Threat of strikes continue to drive up gas prices
Amid concerns about gas supplies to Europe, a strike by oil and gas workers in Norway could reduce its gas production by 292,000 barrels of oil equivalent per day in the short term. That's equivalent to 13 percent of production, the Norwegian Oil and Gas Association (NOG), an employer group, said Sunday. Oil production could fall by 130,000 barrels per day. The union responsible has threatened a strike for Tuesday if the employers do not meet their wage demands.
However, only one field is to be struck initially, with the possibility of extending the strike to three others not ruled out. The Lederne union, which represents about 15 percent of the country's offshore oil workers, on Thursday rejected a collective bargaining agreement negotiated by the company and union leaders. Further talks have taken place since then, but a solution is not in sight, a NOG spokesman said. Norway's other oil and gas workers' unions have accepted the collective agreement and do not intend to strike.
For the EU states, this comes at an inopportune time, as they are dependent on more gas from Norway due to a lack of Russian supplies. Both sides wanted to intensify cooperation to ensure additional gas supplies from Norway in the short and long term, the EU and Western Europe's largest gas producer announced at the end of June. Due to supply cuts, Norway has already increased its gas production and planned to increase it by 8 percent, or about 100 terawatt hours, this year. The EU has been importing about 20 percent of its gas from Norway.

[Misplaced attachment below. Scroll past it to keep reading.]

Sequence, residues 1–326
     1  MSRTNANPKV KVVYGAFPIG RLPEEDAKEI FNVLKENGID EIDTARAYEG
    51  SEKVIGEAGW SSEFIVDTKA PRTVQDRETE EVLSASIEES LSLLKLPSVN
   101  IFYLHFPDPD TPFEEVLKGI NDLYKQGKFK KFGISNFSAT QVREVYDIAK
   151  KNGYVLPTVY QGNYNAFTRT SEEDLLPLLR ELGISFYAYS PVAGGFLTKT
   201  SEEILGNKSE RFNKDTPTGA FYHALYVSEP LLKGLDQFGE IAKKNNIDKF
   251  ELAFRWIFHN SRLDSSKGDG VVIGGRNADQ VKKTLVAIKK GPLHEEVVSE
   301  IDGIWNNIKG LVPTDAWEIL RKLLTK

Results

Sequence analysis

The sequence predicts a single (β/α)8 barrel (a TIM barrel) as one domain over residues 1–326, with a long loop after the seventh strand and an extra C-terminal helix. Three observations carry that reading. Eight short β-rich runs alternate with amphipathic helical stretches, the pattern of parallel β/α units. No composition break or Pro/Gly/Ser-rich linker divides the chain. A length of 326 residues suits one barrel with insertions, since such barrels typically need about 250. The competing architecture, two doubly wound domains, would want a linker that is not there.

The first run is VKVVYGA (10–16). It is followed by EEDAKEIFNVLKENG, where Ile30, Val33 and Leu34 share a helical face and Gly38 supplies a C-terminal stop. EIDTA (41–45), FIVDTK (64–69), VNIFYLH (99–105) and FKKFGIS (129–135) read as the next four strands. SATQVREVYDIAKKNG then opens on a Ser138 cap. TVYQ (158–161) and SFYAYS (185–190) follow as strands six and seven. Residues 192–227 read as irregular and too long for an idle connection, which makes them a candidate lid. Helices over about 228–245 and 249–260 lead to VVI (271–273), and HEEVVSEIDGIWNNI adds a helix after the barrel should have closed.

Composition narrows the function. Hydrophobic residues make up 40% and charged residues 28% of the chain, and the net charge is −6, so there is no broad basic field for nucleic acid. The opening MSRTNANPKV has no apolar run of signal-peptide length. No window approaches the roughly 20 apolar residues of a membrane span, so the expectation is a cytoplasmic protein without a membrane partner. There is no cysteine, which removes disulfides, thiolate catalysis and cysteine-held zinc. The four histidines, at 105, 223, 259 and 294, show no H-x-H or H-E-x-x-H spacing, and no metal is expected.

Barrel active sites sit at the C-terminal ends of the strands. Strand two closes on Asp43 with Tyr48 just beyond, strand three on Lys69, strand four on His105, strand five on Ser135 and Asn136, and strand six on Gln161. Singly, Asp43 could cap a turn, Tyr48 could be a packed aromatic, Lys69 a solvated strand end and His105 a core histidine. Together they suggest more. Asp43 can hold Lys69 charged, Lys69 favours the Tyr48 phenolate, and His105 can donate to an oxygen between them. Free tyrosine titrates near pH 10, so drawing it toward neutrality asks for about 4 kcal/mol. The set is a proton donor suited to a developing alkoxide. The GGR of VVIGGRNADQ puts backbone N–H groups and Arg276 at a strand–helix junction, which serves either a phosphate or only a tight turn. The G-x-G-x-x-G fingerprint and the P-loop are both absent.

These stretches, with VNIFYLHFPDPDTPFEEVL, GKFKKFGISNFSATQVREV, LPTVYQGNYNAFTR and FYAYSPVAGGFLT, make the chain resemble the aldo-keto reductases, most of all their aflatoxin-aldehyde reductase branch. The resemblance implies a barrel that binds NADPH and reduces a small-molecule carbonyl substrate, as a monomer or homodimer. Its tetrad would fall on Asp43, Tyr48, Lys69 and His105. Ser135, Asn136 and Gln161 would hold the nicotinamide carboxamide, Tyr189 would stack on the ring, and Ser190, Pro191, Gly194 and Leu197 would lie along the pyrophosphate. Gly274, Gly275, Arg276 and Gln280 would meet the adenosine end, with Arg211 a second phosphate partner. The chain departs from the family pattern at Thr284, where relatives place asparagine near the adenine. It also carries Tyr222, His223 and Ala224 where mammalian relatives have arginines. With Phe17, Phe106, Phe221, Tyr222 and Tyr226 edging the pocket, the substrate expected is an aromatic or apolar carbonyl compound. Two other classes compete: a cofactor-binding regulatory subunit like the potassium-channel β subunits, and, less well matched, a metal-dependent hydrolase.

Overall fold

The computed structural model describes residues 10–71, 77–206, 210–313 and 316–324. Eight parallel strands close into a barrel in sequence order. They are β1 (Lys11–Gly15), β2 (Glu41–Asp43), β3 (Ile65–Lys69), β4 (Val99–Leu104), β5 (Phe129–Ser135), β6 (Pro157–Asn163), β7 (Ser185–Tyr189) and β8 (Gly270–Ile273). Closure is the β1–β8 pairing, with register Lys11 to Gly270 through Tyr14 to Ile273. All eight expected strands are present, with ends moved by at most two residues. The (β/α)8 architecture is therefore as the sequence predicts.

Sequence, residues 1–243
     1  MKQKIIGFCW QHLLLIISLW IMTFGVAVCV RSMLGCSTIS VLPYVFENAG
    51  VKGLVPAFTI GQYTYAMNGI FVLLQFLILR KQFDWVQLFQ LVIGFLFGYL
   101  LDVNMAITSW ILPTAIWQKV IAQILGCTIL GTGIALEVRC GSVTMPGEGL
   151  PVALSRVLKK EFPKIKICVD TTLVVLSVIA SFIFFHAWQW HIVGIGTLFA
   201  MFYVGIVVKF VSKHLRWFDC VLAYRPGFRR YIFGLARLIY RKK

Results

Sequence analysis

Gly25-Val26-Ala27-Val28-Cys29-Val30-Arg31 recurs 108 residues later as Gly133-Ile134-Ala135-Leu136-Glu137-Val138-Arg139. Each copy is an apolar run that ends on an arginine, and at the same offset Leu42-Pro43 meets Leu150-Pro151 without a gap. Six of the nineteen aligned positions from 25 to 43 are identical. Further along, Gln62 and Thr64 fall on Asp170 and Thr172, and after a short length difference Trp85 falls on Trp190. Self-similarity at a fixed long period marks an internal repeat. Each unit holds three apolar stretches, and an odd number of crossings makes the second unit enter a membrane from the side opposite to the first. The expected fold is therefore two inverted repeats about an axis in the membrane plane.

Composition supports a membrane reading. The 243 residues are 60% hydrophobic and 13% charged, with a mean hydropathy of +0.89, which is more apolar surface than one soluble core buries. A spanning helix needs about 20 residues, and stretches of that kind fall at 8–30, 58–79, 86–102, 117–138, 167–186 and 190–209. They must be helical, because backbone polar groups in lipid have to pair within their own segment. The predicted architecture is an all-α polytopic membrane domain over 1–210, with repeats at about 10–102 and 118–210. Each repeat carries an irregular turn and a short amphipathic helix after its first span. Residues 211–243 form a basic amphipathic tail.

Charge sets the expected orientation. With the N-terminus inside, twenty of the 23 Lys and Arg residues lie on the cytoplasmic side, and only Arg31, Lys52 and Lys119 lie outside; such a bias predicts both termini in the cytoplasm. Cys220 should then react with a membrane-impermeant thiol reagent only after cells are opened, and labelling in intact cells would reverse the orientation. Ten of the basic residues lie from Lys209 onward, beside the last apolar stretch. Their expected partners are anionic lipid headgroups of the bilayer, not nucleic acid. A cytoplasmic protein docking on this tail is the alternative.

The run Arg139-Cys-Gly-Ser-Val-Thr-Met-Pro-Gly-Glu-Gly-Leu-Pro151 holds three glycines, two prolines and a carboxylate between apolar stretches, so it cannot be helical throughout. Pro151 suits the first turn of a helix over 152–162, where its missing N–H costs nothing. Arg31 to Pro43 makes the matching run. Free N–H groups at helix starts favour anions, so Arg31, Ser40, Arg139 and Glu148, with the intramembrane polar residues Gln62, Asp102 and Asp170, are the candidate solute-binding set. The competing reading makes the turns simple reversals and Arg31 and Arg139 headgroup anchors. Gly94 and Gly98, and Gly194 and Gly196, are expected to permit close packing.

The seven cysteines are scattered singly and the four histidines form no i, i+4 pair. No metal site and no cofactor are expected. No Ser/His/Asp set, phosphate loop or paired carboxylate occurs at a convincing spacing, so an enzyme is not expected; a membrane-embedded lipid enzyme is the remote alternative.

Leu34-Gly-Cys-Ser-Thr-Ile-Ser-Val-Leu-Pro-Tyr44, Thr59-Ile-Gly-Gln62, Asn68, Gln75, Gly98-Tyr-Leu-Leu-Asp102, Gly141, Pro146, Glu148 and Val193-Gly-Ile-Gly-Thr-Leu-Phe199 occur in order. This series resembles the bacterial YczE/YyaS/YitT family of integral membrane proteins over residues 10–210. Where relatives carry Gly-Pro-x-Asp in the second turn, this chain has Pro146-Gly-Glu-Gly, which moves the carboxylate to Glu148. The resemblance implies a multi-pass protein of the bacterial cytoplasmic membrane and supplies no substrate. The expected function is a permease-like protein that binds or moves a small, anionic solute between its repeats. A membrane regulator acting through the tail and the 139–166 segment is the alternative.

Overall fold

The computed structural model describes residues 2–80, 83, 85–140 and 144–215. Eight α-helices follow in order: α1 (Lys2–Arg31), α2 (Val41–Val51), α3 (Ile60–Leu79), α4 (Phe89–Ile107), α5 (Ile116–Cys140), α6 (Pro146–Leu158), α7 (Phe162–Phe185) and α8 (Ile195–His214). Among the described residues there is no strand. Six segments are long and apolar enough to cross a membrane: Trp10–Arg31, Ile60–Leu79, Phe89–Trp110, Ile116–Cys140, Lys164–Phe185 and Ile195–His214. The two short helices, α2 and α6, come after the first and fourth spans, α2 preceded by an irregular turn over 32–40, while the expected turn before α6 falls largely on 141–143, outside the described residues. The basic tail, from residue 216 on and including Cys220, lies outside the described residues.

The price of the European futures trading contract for natural gas for delivery in one month rose 11 percent Monday to 159.30 euros for a megawatt hour. Meanwhile, this potential production disruption is more likely to be a short-term factor. The European gas price is currently driven much more by the geopolitical situation and concerns about further supply cuts from Russia. Since June 7, the price has more than doubled from 78.50 euros.
The price of the contract, which has been traded since 2007, had risen in July of the previous year for the first time above its 2008 peak of 35 euros. The upward movement had begun in the wake of the Corona crisis and accelerated visibly. Shortly before Christmas 2021, the price had soared to 180.68 euros.
Since then, it has been moving sideways at a very high level with strong fluctuations, where this level was further strengthened by Russia's invasion of Ukraine. The price reached its current high of 202 euros at the beginning of March.
Image by Rudy and Peter Skitterians